Hyundai spent more than three years brainstorming the design of its new Ioniq 6 to make it as slippery through the air as possible – drawing inspiration from forgotten 1940s concept cars, planes, trains, high-speed racers, and even a bird.
At least that’s according to Head of Hyundai Styling Simon Loasby, the man responsible for Hyundai’s all-new and futuristically-styled Ioniq 6 – due to join its boxier Ioniq 5 sibling in Australia early next year.
“It’s not a sedan or a four-door coupe, it’s a ‘streamliner’. A new typology, because we deliberately wanted to create that uniqueness and emotional appeal,” Mr Loasby claimed, when we interviewed him this week.
“Of course, there are other EVs out there, but there’s nothing like this at the moment in this more affordable category of battery electric vehicles, which makes it properly unique in the current marketplace,” he contended.
The Ioniq 6, officially revealed to the world’s press today in Busan, South Korea, is the second fully-electric EV Hyundai has released after launching its game-changing Ioniq 5 crossover in 2021.
Said to be inspired by anything from the aerodynamically-shaped Stout Scarab prototype people mover, to the six-metre long Phantom Corsair and 1949 Saab UrSaab when Saab AG was solely an aircraft manufacturer, Loasby told CarExpert there were also a few other things that influenced the silhouette.
“Actually, John Tjaarda designed the Stout Scarab, and his son Tom who designed cars like the Ferrari 365 California, De Tomaso Pantera and Aston Martin Lagonda Coupe, was the guy who made me aware of the Scarab, which was an early example of what we mean by ‘streamliner’, and what got us thinking about that design direction,” he said.
“Then we looked at other great auto examples of total aerodynamic efficiency in design like the Porsche 911, which was all about streamlining from the earliest iterations.
“We were inspired by anything streamlined. Take a Peregrine Falcon. Look at the shape of a Peregrine Falcon when it’s in a high-speed dive, up to 389km/h is the top recorded speed of that bird, and if you look at the shape and the curvature of the bird, we’re effectively learning from nature.
“But we didn’t stop there, we went through 38 months of brainstorming with our creative teams around the globe looking at train design, plane design, speed record car design as well as streamliner designs which would help us realise the best possible functional efficiency and aesthetic efficiency for the car.”
That brief was the creative instrument that produced the precursor to Ioniq 6, called the Prophecy Concept, which looks similar to the prototype production series version revealed here in Busan.
There’s a whole suite of aerodynamic instruments at play for the Ioniq 6 from the low nose, active front air flaps, wheel gap reducers and super-slim digital camera-based side mirrors that count towards the car’s class-leading efficiency.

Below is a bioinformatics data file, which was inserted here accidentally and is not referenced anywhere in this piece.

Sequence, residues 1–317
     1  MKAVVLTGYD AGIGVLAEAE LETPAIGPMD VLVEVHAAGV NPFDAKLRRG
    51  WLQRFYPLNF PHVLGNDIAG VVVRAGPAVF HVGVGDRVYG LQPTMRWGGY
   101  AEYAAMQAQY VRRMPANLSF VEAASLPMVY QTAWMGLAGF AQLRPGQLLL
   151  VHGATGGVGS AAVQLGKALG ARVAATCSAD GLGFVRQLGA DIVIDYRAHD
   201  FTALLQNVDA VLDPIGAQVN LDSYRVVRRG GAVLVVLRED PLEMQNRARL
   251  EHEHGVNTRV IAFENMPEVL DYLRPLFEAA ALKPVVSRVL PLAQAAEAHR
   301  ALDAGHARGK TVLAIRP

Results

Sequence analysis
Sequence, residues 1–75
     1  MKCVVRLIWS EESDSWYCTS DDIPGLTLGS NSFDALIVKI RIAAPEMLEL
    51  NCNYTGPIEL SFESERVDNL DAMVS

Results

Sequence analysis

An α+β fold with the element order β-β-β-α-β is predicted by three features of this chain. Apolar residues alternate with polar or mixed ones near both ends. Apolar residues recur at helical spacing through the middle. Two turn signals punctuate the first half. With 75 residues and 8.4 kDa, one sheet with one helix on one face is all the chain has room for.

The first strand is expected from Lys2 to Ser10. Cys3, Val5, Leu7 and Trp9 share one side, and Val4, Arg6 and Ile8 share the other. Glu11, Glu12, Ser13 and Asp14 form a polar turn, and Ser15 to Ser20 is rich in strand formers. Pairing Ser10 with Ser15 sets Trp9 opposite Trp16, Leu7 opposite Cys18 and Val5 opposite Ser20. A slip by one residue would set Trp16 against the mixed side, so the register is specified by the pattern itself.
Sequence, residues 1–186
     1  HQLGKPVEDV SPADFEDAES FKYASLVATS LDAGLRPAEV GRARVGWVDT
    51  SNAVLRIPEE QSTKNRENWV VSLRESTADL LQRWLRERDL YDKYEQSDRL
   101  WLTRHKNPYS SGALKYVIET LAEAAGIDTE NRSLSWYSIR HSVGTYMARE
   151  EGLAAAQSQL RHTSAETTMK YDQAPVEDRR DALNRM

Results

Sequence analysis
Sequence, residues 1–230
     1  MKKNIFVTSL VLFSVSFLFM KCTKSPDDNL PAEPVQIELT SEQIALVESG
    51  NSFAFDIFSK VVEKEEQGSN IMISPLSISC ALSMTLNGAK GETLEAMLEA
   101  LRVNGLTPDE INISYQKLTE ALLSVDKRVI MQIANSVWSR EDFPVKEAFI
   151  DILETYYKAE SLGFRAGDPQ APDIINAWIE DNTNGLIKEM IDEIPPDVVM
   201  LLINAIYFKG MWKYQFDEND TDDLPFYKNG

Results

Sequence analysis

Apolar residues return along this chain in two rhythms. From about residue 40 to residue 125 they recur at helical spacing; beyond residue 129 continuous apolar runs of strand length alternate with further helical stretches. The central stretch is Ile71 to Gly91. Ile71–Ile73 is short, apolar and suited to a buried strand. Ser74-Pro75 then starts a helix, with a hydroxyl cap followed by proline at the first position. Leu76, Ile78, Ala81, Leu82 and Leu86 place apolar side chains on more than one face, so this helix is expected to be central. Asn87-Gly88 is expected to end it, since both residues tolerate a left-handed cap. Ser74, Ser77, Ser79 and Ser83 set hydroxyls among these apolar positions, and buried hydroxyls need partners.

Other factors like the rear winglet, boat tail, specialised bumper separation traps and flat underbody combine to create a remarkable drag coefficient of just 0.21.
To put that into perspective, rivals like the super-selling Tesla Model 3 rates at 0.23, and it’s only the high-end Mercedes-Benz EQS that’s slipperier than the Hyundai with a 0.20Cd.
Measuring 4855mm in length and 1880mm wide, Ioniq 6 offers passengers more than generous space in the cabin, but given the marketing blurb talks about a, “cocoon-like personal space and a spacious interior,” you might be wondering why it’s not a hatchback or liftback like other makes and models with four-door coupe-like designs.
“It’s a good question, which we took a good hard look at”, said Mr Loasby.
“But, when we put the hinges in the rear of the roof, we found we were losing so much headroom and we simply didn’t want to compromise on that, so it’s a balance between the elements of the streamliner shape and interior space.
“If we went any higher in the roofline, we can’t detach the flow in the right place to give us the range through aerodynamics. We had to prioritise the Streamliner shape and drag coefficient ahead of going in any other direction.
“Every step we took with Ioniq 6 was a challenge for us, the designers, and the engineering team. Take the seats. They’re 30 per cent slimmer all round – that’s from the seat and seat back to give more personal space to each passenger.”
Even with the designer’s rigid adherence to space and low-slung silhouette, rear-seat headroom is good. Anyone up to 193cm tall has enough space to be comfortable, while rear legroom is limo-like for those around 178cm tall (tried and tested).
“Not only have we sculptured out the door cards to give shoulder and elbow room for passengers in both seat rows, we’ve also removed all the switches from the doors so that there’s nothing there that might impede space and comfort,” Mr Loasby added.
“And, as well as the three-dimensional surface on the doors that fades out, the ambient illumination actually projects downwards so you can see what’s in the door pockets at night.”